Press Release

New Report on Racial Disparities in Policing and Crime from The Sentencing Project

Report finds that large policing footprint is not solving the disproportionate impact of violent crime on communities of color; racial disparities persist in arrests for drug law violations and minor traffic stops.

Related to: Racial Justice

WASHINGTON, DC – Today, The Sentencing Project released a new report, “One in Five: Disparities in Crime and Policing,” which interrogates the large footprint of policing—particularly of Black Americans— as a failed response to racial disparities in serious crimes. The report also provides recommendations for right-sizing policing in the United States. The report is the latest in The Sentencing Project’s “One in Five” series examining racial inequities in America’s criminal legal system.

“This report demonstrates that a high volume of police contact fails to address the higher rates of serious violent offending and victimization among communities of color. In fact, it sometimes exacerbates these problems by reducing trust in law enforcement and diverting resources that could be better invested in communities,” said Nazgol Ghandnoosh, Co-Director of Research with The Sentencing Project and co-author of the report. “To meaningfully tackle disparities in serious crime, policymakers need to make investments in interventions outside of policing, and end the harms of excessive police contact.”

Specifically, this report finds:

  • Police officers’ reliance on millions of minor traffic stops annually as a pretext to investigate drivers for criminal activity disproportionately impacts Black and Latinx drivers. Among those they pull over, police are more likely to search Black (6.2%) and Latinx drivers (9.2%) than whites (3.6%). But police are often less likely to find drugs or weapons among the Black and Latinx drivers that they search, compared to whites.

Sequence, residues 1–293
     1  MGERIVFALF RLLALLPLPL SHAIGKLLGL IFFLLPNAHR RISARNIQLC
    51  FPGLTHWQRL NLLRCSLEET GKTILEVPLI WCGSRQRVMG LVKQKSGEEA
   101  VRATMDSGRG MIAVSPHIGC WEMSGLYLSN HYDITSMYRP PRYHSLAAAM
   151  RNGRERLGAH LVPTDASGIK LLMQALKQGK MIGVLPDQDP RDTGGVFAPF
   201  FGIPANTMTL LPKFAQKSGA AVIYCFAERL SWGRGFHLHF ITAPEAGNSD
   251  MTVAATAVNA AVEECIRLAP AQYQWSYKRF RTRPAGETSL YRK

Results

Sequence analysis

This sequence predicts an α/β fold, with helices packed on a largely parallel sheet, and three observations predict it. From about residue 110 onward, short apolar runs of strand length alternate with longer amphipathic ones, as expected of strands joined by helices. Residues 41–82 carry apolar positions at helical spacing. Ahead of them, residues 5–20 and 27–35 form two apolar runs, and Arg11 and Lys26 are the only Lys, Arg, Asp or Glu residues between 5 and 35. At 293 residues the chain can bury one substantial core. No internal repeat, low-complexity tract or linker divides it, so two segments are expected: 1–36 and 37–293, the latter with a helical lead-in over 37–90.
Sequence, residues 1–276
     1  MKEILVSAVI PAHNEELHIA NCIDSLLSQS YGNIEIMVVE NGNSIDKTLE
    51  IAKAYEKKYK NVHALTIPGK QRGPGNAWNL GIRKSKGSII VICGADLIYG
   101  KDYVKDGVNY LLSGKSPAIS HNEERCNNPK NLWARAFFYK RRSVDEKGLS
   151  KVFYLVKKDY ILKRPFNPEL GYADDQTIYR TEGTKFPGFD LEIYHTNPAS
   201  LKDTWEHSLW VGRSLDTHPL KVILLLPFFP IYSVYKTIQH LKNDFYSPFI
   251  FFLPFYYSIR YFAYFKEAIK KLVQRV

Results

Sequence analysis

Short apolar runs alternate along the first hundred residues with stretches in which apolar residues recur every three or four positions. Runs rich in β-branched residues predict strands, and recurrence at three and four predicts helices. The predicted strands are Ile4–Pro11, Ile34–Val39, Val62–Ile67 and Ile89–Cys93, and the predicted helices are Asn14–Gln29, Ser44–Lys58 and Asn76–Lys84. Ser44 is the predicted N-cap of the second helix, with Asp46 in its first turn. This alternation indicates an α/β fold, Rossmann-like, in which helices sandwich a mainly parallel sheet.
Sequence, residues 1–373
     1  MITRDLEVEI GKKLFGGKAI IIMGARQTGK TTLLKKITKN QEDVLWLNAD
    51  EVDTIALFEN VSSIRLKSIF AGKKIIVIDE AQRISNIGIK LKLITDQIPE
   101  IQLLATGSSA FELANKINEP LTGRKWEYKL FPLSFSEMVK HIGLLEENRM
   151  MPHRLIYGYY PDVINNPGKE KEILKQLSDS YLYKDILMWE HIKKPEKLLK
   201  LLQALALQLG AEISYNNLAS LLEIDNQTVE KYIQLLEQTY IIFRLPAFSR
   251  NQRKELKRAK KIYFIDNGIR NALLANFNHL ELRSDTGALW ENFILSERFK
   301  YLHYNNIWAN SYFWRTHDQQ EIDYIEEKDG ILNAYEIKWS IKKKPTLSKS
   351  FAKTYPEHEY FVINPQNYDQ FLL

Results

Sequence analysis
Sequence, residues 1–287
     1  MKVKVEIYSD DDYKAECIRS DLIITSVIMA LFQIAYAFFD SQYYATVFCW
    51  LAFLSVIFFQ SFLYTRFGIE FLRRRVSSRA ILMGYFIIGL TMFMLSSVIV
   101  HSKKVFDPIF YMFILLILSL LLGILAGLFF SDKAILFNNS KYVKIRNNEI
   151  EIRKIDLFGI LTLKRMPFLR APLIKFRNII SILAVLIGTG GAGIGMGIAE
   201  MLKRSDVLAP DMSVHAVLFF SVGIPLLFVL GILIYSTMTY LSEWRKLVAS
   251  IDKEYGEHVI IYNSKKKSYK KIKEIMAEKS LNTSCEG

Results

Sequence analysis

• Black and white Americans use illicit drugs at roughly similar rates, but about one in four people arrested for drug law violations are Black, although Black people make up 14% of the U.S. population.
  • Black Americans were 9.3 times as likely as whites to be homicide victims in 2020, American Indians were 4.3 times as likely, and Latinxs were 1.9 times as likely, based on age-adjusted figures. Since homicide is generally an intra-racial crime, these figures correspond to higher rates of homicide offending among these communities of color, which is attributable to spatially-concentrated urban poverty resulting from longstanding and ongoing segregation, discrimination, and disinvestment.

The report recommends right-sizing policing through reforms such as decriminalizing and legalizing drug use and removing police from non-public safety traffic stops and instead investing in universal access to effective drug treatment and community-based violence prevention programs.

Click here to read the full report.

The first report in the “One in Five” series presented an overview of incarceration and supervision trends.  Subsequent reports in the series will focus on:

  • Three key drivers of disparity from within the criminal legal system addressed by promising reforms from dozens of jurisdictions around the country. Release date: December 2023
  • Criminal legal policies that jeopardize public safety by exacerbating socioeconomic inequalities and the reforms that correct this final source of injustice. Release date: January 2024

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